Location: Providence, RI and Cape Cod, MA

PostPosted: Fri Jul 30, 2010 9:50 pm    Post subject: Reply with quote

The radiator doesn't have anything to do with the floor sag. One pipe returns to the floor and the other heads into the wall. If the house is as early as you say it is there are corner posts behind the cases in the corner and in the middle of the room on the right, although that one looks shallow. Either the sill is toast, the foundation has settled or a combination of both. This sag has telegraphed to the top plate which is why the rafters follow the sag and have pulled the ridge with them. You have skip sheathing for wood shingles but there's plywood on that now for the asphalt shingles.

You say the house isn't up to "code". Generally your code official will grant some leeway to the building code in order to preserve the historical integrity of the structure. It can be worth your while to run your thoughts by the the inspector to mitigate issues.

Just because something is old it doesn't mean that it needs to be replaced or buggered up with new framing. I generally don't take the sag out, I'll fix the problem so that it is stable with locally milled timbers. Taking the sag out will likely crack at least some of the plaster from the first floor to the top plate. How are the timber connections in the area that you want to move, can they handle the lifting load. Has the plywood on the roof locked those rafters into place. You may have to retune your windows once you tweek the wall back to straight. Go slow, turn off the radio, listen to the building as you move it. It's not as daunting as it sounds but you do need to be aware of some of the variables and how they can effect each other.

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Jeremy
Heritage Restoration, Inc.
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rncx



Joined: 21 Jun 2008
Posts: 660
Location: Little Rock, AR

PostPosted: Fri Jul 30, 2010 10:48 pm    Post subject: Reply with quote

why is there a joint in the middle of that room between lengths of floor boards?

did they cut out an interior wall?
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cjhanni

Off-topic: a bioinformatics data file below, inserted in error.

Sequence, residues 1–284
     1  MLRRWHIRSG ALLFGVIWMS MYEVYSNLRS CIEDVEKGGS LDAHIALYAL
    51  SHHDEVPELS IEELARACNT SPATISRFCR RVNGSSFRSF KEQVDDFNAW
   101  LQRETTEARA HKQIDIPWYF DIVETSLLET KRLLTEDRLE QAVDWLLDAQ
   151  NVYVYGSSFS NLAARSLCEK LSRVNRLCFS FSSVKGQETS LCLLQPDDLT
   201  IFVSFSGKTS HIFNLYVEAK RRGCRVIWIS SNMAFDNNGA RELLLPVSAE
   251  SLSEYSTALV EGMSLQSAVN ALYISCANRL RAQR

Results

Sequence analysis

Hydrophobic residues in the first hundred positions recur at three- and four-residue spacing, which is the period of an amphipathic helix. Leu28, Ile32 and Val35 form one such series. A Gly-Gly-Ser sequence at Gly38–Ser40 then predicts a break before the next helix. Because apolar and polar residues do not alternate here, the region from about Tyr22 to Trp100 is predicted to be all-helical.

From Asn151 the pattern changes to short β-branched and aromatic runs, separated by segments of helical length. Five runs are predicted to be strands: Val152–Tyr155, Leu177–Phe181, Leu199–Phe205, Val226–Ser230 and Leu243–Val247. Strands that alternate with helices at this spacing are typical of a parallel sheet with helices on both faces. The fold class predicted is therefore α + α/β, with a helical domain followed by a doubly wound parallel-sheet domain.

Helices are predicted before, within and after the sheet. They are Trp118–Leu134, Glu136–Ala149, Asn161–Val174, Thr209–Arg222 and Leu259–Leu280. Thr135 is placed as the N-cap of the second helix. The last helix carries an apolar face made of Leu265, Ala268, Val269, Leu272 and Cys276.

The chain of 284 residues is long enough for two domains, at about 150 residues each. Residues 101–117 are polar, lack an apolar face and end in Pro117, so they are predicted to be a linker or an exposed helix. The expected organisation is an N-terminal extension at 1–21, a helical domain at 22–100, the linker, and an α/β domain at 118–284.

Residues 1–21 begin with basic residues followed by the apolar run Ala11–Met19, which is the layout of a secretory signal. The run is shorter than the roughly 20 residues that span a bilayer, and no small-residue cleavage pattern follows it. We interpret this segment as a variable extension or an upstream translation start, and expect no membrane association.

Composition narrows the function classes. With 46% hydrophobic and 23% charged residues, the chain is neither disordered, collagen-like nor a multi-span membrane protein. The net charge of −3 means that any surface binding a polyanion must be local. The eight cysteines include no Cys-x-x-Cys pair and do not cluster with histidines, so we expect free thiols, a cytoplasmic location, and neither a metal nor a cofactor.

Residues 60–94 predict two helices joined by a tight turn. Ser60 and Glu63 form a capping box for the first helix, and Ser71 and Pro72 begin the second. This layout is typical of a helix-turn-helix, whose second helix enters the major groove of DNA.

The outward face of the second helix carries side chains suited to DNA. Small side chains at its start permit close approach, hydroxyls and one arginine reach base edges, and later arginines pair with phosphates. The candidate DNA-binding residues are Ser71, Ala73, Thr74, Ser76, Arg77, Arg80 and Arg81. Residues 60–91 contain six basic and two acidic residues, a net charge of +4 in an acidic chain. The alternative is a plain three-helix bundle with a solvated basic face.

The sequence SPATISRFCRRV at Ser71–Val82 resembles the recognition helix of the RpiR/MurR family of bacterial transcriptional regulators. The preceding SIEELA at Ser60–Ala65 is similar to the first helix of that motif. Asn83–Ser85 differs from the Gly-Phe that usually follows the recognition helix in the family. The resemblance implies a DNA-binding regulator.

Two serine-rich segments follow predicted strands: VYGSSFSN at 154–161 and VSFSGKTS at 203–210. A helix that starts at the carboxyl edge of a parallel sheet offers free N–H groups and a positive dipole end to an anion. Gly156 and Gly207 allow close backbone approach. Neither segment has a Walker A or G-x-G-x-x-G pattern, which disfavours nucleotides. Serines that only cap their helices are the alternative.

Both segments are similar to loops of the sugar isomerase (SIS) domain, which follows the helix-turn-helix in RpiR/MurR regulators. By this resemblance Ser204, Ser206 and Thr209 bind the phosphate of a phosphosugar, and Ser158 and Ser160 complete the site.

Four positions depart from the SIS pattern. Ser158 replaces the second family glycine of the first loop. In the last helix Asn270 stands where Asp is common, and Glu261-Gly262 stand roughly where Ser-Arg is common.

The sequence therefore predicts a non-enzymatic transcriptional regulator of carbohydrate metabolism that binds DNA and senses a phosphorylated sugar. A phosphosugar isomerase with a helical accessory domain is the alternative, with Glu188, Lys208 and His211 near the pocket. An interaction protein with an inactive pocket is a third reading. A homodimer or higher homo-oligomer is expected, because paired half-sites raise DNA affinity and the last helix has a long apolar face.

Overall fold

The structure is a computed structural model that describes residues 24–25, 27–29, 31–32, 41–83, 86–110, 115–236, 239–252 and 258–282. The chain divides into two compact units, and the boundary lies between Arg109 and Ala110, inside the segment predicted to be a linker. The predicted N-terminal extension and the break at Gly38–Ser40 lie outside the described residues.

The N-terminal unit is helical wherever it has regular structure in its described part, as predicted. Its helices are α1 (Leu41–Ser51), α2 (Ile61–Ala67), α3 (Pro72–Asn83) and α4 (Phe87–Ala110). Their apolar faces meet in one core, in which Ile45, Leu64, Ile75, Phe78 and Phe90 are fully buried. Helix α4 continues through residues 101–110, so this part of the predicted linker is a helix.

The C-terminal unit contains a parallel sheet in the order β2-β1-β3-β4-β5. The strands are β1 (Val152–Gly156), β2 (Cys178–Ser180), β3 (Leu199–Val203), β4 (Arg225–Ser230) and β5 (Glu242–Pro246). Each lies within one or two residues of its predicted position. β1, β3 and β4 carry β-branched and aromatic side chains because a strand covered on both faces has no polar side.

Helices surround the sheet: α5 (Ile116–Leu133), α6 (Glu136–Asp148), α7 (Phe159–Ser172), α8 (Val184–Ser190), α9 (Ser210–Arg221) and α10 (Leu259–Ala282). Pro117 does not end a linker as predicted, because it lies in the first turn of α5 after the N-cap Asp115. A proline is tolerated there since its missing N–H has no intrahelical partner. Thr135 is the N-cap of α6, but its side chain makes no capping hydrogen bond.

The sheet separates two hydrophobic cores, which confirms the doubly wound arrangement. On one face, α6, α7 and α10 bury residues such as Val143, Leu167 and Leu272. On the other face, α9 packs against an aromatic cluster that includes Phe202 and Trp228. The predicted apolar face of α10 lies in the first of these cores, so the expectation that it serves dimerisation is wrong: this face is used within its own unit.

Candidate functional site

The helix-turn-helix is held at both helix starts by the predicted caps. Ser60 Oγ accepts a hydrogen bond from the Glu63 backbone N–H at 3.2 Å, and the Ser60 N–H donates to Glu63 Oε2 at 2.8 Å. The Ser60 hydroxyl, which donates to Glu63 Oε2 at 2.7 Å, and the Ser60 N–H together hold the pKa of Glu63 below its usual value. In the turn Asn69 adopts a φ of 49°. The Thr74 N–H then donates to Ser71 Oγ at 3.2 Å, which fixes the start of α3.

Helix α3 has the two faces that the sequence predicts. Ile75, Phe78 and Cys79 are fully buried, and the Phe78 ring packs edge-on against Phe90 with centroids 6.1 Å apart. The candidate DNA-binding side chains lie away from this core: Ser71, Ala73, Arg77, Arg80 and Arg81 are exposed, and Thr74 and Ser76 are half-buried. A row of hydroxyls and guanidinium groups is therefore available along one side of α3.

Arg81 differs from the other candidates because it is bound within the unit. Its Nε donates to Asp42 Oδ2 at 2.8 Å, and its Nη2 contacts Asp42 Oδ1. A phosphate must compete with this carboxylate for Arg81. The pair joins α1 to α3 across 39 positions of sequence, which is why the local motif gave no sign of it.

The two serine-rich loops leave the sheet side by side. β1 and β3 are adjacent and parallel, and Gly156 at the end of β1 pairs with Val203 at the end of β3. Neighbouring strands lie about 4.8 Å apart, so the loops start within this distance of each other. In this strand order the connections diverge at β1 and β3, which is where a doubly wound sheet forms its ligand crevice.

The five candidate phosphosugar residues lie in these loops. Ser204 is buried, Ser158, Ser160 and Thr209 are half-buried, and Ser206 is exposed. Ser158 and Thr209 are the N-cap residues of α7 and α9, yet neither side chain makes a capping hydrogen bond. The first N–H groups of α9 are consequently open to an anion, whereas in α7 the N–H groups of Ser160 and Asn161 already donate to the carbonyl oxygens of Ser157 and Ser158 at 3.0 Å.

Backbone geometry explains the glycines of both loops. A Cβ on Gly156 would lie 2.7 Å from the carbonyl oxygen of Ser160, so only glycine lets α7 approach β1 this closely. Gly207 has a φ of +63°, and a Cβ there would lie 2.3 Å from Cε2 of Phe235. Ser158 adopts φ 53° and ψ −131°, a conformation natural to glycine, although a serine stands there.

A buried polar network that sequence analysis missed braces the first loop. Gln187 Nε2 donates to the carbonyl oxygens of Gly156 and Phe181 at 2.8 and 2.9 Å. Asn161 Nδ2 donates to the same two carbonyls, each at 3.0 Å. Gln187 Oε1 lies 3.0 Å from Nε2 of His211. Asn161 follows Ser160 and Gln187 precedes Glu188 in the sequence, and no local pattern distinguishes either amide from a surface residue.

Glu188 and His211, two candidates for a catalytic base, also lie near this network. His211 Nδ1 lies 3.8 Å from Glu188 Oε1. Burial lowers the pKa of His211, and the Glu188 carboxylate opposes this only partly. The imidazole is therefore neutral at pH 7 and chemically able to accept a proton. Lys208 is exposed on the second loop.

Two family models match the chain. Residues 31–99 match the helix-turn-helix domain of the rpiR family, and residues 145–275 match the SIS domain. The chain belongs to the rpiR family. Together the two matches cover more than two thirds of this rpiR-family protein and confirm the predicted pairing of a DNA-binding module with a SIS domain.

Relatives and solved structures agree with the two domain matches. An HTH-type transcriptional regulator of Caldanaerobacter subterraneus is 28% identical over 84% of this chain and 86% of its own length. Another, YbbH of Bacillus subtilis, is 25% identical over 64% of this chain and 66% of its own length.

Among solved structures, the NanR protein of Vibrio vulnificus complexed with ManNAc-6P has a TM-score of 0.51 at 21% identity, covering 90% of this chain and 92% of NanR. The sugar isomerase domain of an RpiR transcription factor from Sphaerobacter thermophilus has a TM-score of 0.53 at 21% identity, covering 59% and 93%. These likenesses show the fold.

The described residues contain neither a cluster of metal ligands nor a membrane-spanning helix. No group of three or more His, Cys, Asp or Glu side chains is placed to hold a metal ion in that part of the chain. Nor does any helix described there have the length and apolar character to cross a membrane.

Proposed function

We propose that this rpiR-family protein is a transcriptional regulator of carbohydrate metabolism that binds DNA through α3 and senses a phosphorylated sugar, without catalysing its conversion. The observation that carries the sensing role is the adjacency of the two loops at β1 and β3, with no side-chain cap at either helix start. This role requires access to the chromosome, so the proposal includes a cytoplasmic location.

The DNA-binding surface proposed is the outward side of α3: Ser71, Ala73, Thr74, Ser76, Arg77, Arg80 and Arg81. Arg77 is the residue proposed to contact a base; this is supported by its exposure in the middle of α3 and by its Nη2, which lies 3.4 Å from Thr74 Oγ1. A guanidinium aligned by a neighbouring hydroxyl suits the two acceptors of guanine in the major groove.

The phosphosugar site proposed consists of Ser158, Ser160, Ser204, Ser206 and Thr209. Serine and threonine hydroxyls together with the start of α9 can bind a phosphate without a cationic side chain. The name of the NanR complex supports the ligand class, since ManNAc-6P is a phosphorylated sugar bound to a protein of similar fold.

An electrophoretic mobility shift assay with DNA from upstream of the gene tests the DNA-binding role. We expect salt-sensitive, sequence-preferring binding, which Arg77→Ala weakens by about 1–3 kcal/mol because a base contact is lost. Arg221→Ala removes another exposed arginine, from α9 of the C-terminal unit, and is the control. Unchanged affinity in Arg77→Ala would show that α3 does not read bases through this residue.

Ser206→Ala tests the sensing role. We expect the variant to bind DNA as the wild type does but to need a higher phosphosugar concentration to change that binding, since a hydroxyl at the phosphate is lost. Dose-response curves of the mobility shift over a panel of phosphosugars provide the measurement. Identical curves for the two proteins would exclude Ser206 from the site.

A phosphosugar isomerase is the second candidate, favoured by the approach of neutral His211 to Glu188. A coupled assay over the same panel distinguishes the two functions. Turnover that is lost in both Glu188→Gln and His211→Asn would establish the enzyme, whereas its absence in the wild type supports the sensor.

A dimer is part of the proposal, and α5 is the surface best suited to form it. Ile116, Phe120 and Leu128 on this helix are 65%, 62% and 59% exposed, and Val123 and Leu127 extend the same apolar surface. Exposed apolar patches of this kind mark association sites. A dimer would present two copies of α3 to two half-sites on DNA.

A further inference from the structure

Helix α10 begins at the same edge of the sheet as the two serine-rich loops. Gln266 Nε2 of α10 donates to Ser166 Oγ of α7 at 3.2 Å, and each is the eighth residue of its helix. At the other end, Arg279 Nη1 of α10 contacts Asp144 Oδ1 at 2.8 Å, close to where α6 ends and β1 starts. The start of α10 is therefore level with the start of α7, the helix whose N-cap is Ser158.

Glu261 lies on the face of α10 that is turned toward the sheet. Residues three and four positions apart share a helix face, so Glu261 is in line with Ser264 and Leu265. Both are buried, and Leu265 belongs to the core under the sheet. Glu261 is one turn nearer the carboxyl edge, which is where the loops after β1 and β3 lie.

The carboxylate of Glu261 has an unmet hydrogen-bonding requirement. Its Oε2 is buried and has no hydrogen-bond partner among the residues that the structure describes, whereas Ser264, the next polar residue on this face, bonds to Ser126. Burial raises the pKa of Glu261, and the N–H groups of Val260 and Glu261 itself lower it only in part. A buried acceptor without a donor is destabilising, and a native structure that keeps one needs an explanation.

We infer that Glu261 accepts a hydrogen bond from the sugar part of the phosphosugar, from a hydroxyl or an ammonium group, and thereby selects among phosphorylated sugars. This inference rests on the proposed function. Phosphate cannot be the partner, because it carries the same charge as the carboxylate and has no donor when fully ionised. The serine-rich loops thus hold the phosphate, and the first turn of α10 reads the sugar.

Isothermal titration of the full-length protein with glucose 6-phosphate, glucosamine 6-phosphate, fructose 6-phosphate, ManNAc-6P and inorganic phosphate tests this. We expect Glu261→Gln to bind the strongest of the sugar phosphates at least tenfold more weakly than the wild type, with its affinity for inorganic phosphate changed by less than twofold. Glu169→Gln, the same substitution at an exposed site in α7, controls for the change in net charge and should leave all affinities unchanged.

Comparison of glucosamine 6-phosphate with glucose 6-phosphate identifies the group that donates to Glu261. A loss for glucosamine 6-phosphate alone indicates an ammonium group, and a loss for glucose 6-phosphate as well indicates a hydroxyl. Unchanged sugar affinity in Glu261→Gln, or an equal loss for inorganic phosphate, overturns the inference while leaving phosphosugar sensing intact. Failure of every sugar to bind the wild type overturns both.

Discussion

Joined: 28 Jul 2010
Posts: 7
Location: New Jersey

PostPosted: Sat Jul 31, 2010 8:33 am    Post subject: Reply with quote

No idea on the floor joint. Based on the history of the house, there should never have been a wall there. I guess it is nice to have that seam, since the poor slob that eventually buys this place will ikely have to rip up the flooring to see what is going in with the joists, anyway.

As to non-code issues, I am happy to hear the code inspector miht give some leeway. All of the K&T has already been replaced, but in some places the replacement looks like that pictured (this is the same second floor room with the floor sag...)



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cjhanni



Joined: 28 Jul 2010
Posts: 7
Location: New Jersey

PostPosted: Sat Jul 31, 2010 8:36 am    Post subject: How dry is dry? Reply with quote

Someone commented above on the wet basement floor. For a 250+ year old basement, how dry is dry? I'd have no expectation that a stacked stone foundation would ever be bone dry, but I also would not expect standing water. Where is the happy medium? Here's a shot of another unhappy repair attempt in the basement.


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Sean



Joined: 27 Dec 2006
Posts: 170
Location: Salem, MA

PostPosted: Sat Jul 31, 2010 12:56 pm    Post subject: Reply with quote

The floor joint is probably the result of a later partition. Those don't look like 250 year old pine boards judging by the width. Perhaps that windows was converted from an entry to window? The ends of some of the boards look much lighter, which may be because of a wall on top of the seam.

Just my 2 cents.

Sean